Damping factor

Hi folks,

Bass response question:

Does the damping factor (control?) of an amp have any effect on that of a dedicated subwoofer amp connected via variable line out? 

Or am I hearing something different?

My office system has a Hegel H 190 and a pair of Magnepan LRSs. The variable line out on the Hegel is connected to a dedicated subwoofer amp which powers 4 subwoofers.

I got back a Michael Yee Audio PA-1 SS 100wpc amp from Michael Yee sent in for repairs and some mods to the high end frequency response.

Over the holidays, I swapped out the Hegel and hooked up the PA-1 using a Bryston BP26 preamp. Variable line outs to the subwoofer amp. Same source (basic streaming from laptop)

After listening for just a few minutes, the first thing I heard was a noticeable difference in the bass response. 

At anything above low level listening, it seemed fuller and more enveloping. But not as tight (fast?). 

At anything above moderate levels, I had to get up and slightly reduce gain on the subwoofer amp.

Swapped the Hegel back in, listened for a few days then switched back to the Bryston/PA-1. 

Is this because the Hegel and PA-1 have very different damping factors that affect the subwoofer amp?

I tend to enjoy the difference depending on what's playing. 

Can't tell if there is an overall preference yet.

Just curious about what is behind this difference.


Thanks everyone!




>> Does the damping factor (control?) of an amp have any effect on that of a dedicated subwoofer amp connected via variable line out? <<

The damping factor is related to only two things: the output impedance of the final power stage and the impedance of the speaker, usually assumed 8 ohms for calculations. So NO, the damping factor of your power amplifier is not relevant when you are driving powered subs from a line output.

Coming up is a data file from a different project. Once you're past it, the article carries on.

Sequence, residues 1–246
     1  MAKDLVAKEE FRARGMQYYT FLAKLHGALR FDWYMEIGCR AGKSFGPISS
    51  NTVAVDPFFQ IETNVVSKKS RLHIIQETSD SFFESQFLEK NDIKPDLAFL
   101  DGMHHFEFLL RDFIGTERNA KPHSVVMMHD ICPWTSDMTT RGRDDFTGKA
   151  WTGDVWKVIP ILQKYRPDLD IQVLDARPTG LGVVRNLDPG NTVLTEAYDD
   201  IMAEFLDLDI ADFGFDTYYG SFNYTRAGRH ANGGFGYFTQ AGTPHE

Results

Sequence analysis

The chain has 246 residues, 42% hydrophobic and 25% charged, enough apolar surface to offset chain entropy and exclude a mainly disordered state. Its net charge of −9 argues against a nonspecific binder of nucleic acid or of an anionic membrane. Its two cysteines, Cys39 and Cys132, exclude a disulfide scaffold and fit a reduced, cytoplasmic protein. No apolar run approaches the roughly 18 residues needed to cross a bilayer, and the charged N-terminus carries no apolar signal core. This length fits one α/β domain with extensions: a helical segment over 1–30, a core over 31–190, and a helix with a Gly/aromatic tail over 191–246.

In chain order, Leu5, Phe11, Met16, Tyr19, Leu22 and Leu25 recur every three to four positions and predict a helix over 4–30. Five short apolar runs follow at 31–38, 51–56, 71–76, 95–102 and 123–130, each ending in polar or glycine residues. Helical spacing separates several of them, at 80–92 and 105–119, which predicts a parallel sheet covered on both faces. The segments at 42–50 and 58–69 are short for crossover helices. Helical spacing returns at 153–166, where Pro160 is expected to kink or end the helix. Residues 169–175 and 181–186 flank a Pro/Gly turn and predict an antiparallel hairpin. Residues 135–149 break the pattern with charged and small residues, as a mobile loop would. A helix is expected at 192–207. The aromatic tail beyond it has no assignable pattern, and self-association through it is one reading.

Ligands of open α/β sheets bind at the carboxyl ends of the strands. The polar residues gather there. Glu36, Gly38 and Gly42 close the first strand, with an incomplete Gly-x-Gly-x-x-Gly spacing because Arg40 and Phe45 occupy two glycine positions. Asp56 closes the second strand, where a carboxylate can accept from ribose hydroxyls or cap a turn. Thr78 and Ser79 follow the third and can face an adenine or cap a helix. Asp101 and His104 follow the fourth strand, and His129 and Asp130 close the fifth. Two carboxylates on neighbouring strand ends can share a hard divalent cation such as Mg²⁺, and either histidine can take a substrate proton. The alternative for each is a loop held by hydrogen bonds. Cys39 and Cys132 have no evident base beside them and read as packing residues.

The only damping factor involved is that of the subwoofer amp. 

If you have a preamp feeding multiple amps you may be having an issue with impedance matching.  With solid state this isn't usually an issue.  Amps tend to have impedances in the 30-50kOhm range, and solid state preamps can usually handle 2-3 amps.. However if you are dealing with a tube preamp it may have issues.

The damping factor is basically the ability of the amplifier to control the driver, tightness. The higher the damping factor the faster the amplifier will be able the return the cone or diaphragm to the center or neutral position. An important specification for low frequency, woofer/subwoofer control, but can also affect low midrange drivers.

You are using two different preamps (the Bryston and the preamp section of the Hegel), and they have different sound signatures. Do this to isolate and hear the difference between the preamps:

  1. Connect speakers to the PA-1 amp, and don't use the subwoofers
  2. Connect Bryston variable line-out to the PA-1 and listen
  3. Connect Hegel variable line-out to the PA-1 and listen

I would expect you to hear a difference, and it is caused by the Bryston and Hegel preamps having different sound signature. It follows that Bryston and Hegel should also sound different when connecting to the subwoofer amp,